I'm convinced that worksheets have not just a place but a central place in IDEs.
Here's the idea. A worksheet is a document that contains code. It's not like Excel: the code is visible all the time. But like Excel, it's "live": it runs the code as needed and displays the results right there on the page. If you edit some code, the worksheet automatically recompiles it and recalculates any affected results throughout the sheet.
The worksheet runs in a sandbox. It has access to useful testing resources—read access to other files in the same project, write access to a temp directory, and so on—but nothing much else.
Unlike a source file, the code in a worksheet doesn't have to be complete classes. Just a statement or an expression is enough. If you type an expression, the worksheet automatically shows you the result. If it's an object, it's displayed as some kind of nicely expandable, inspectable GUI widget. It's integrated with the debugger, of course.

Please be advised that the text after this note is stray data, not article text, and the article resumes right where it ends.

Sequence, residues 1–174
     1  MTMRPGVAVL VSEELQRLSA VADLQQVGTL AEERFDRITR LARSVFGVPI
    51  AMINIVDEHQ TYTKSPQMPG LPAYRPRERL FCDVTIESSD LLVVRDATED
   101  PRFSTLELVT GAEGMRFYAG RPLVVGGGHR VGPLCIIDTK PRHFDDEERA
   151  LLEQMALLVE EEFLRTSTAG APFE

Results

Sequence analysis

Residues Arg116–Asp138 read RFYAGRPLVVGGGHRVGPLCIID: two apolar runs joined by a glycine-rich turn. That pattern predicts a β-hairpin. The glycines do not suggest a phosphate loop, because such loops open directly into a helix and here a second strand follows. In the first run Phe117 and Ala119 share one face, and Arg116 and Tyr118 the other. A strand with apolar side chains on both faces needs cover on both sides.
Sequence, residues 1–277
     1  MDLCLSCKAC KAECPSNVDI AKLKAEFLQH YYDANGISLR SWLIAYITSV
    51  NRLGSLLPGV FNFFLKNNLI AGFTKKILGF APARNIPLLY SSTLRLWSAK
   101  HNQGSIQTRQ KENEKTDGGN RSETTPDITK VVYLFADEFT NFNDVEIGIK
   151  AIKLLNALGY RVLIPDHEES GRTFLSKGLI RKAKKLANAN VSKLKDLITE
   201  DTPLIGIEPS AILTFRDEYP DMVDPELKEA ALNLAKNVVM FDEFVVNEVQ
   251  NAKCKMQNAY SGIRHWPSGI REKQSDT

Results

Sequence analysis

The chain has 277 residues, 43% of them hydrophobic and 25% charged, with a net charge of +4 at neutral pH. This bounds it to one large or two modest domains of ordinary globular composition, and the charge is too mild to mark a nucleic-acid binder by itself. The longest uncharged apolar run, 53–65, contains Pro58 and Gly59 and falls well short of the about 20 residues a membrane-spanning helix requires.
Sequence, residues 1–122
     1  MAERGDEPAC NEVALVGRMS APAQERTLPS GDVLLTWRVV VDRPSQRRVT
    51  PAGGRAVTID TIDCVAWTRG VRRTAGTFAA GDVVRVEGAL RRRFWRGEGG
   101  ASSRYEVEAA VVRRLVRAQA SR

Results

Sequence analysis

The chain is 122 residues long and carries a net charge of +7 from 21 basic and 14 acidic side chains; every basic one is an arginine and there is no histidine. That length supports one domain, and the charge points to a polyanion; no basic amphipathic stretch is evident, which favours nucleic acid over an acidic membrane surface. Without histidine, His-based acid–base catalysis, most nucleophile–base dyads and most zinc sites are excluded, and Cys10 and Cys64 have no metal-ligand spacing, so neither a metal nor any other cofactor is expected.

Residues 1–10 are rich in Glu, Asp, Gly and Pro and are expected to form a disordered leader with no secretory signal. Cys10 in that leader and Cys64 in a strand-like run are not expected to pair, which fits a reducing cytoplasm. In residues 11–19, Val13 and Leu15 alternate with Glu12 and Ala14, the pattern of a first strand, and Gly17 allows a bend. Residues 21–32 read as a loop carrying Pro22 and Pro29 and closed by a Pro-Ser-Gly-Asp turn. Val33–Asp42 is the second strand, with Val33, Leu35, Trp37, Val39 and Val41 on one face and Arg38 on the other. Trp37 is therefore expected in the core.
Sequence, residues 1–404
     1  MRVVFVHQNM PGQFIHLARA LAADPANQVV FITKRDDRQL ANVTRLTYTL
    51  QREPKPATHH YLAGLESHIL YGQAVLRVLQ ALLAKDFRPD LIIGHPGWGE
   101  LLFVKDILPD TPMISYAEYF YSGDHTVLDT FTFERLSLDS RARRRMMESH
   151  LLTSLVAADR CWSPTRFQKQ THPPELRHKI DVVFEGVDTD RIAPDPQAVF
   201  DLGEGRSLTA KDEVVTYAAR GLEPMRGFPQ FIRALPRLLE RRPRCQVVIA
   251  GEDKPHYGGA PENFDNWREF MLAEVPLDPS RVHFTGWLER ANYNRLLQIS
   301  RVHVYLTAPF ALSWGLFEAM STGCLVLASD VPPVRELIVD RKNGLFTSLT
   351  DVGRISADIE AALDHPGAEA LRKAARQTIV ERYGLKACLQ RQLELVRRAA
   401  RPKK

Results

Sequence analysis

It's also integrated with a word processor, so you can mix text and pictures with your code. None of this is meant to replace traditional source code; you'll have worksheets in your project alongside source files.
I don't know of any existing IDEs that have anything like this. But it sounds ideal for proof-of-concept demonstrations, API documentation, teaching, and testing.
My next side project is going into this territory. I'm kind of excited about it.